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Textile Makers Teaming Up for More Sustainable Offerings

Fiber and fabric firms continue to collaborate to bring to market innovative and sustainable products. They are also meeting demand by investing in new facilities, many times in the United States to be closer to their customer base.


Lenzing Group, a global producer of wood-based specialty fibers, showcased carbon neutral Lenzing FR fiber for the protective wear sector at Techtextil Frankfurt on Tuesday in a newly launched collaboration with long-time partner Textil Santanderina.

Lenzing also extended its carbon neutral Tencel branded fiber offering to the workwear segment through a partnership with European fabric manufacturer Klopman. The two partnerships mark an important milestone as Lenzing takes an active role in providing eco-friendly alternatives for manufacturers in various segments, collaborating with leading industry partners to find new solutions and redefine sustainability standards.

Lenzing created the carbon neutral FR fibers using a sustainable cellulosic solution for protective wear. In addition to the benefit of reduced carbon footprint, these fibers also offer supply chain transparency as part of Lenzing’s fiber identification technology.

“Sustainability is becoming a key driver in the workwear and protective wear segments,” said Oliver Spöcker, director of protective wear and workwear at Lenzing. “The future success of workwear and protective wear lies in a combination of performance, comfort and sustainability. At Lenzing, we are committed to providing solutions that enable our customers to meet the increasing standards for supply chain transparency and carbon emission reductions.”

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For more than 30 years, Lenzing has partnered closely with Textil Santanderina, a Spanish textile company that has an extensive product range. The company is now incorporating the newly launched carbon neutral Lenzing FR fibers into its protective wear offerings.

“We are constantly working on new ways of developing and producing textile products with sustainability at its core,” said Angel Parés, TECHS manager for Textil Santanderina. “We are proud of being the first company worldwide to work with carbon neutral Lenzing FR fibers.”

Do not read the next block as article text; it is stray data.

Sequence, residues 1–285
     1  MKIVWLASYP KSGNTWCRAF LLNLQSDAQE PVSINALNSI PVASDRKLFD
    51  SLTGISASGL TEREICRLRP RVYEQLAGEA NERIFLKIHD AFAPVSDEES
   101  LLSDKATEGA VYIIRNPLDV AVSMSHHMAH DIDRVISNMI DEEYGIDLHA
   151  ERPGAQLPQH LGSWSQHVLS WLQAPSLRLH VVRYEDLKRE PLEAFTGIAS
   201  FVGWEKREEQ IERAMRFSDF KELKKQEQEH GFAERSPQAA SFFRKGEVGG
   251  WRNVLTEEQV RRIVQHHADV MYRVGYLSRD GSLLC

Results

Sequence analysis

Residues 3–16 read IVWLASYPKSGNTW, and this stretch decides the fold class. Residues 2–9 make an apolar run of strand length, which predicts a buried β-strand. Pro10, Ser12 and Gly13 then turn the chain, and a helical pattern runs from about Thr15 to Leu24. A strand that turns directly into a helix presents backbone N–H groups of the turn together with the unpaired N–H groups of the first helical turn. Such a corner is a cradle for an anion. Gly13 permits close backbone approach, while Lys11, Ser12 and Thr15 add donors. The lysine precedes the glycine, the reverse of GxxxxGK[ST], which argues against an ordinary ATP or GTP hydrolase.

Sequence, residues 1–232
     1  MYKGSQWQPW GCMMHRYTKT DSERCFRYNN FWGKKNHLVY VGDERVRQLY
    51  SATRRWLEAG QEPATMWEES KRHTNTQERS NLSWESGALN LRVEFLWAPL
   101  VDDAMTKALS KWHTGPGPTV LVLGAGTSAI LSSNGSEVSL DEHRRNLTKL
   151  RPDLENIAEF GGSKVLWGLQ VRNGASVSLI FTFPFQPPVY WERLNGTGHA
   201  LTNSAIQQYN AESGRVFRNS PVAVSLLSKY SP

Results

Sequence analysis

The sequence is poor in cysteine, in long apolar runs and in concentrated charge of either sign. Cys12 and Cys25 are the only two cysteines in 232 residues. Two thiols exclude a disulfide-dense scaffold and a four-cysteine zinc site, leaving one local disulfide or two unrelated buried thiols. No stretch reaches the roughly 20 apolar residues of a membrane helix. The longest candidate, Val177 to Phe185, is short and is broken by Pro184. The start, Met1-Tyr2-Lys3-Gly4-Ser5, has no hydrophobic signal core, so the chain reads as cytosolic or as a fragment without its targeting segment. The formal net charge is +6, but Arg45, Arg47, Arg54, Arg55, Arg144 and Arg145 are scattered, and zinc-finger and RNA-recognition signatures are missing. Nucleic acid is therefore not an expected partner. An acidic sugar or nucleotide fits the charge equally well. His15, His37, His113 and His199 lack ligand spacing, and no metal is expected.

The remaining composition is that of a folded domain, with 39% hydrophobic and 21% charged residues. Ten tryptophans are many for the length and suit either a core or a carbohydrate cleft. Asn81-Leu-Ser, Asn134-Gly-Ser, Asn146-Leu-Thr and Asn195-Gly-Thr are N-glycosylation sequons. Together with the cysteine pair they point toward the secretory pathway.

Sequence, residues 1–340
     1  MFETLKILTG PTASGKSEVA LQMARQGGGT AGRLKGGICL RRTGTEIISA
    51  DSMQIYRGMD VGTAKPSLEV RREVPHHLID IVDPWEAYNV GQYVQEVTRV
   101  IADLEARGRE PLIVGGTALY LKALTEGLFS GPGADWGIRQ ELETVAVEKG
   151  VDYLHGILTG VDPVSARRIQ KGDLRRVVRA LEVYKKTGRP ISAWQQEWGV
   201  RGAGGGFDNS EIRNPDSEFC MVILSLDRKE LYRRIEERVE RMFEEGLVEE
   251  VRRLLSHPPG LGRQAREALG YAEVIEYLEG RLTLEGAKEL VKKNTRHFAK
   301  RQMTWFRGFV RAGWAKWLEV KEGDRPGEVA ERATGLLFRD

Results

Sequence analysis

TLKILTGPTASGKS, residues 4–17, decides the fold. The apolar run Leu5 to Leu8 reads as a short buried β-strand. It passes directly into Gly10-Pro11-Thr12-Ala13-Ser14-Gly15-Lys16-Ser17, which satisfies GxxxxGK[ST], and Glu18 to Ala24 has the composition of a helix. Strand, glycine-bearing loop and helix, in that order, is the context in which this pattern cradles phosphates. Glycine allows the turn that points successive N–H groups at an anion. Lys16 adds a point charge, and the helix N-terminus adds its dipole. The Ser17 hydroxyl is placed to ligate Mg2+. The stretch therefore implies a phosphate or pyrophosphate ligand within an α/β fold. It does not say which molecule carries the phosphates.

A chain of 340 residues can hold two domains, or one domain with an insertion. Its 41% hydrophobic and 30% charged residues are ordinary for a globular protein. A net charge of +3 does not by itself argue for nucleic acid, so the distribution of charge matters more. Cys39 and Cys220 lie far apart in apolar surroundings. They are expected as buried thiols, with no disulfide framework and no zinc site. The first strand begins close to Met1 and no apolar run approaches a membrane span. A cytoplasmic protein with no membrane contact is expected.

Lenzing first partnered with Klopman more than a decade ago to replace cotton with Tencel lyocell fibers. The company then moved forward by using Tencel fibers with Refibra technology two years ago. Klopman is now building on this partnership by becoming the first company in the workwear segment to incorporate carbon neutral Tencel fibers.

“We are extremely proud of our partnership with Lenzing and the significant growth we’ve seen over the last 10 years,” said Amaury Sartorius, managing director at Klopman. “By offering carbon neutral Tencel fibers in all our collections, we are enabling companies to actively reduce their carbon footprint and align with the updated guidelines for sustainable textile products from governments in the EU. There is no other option for the future of our planet than investing all our efforts in saving resources, reusing materials and optimizing production.”

HeiQ x Renewcell

Lenzing Group is showcasing carbon neutral Lenzing FR fiber for the protective wear sector in a new collaboration with Textil Santanderina.
HeiQ AeoniQ x Renewcell Courtesy

Prioritizing the replacement of environmentally polluting polyester in textiles has led to Swedish Renewcell and Swiss HeiQ signing a strategic partnership to manufacture circular HeiQ AeoniQ cellulose filament yarn from textile-to-textile recycled Circulose pulp supplied by Renewcell.

This partnership enables the incorporation of recycled raw materials in what the companies described as “the most modern, climate positive and environmentally friendly yarn production process” to allow for 100 percent circularity in the textile industry.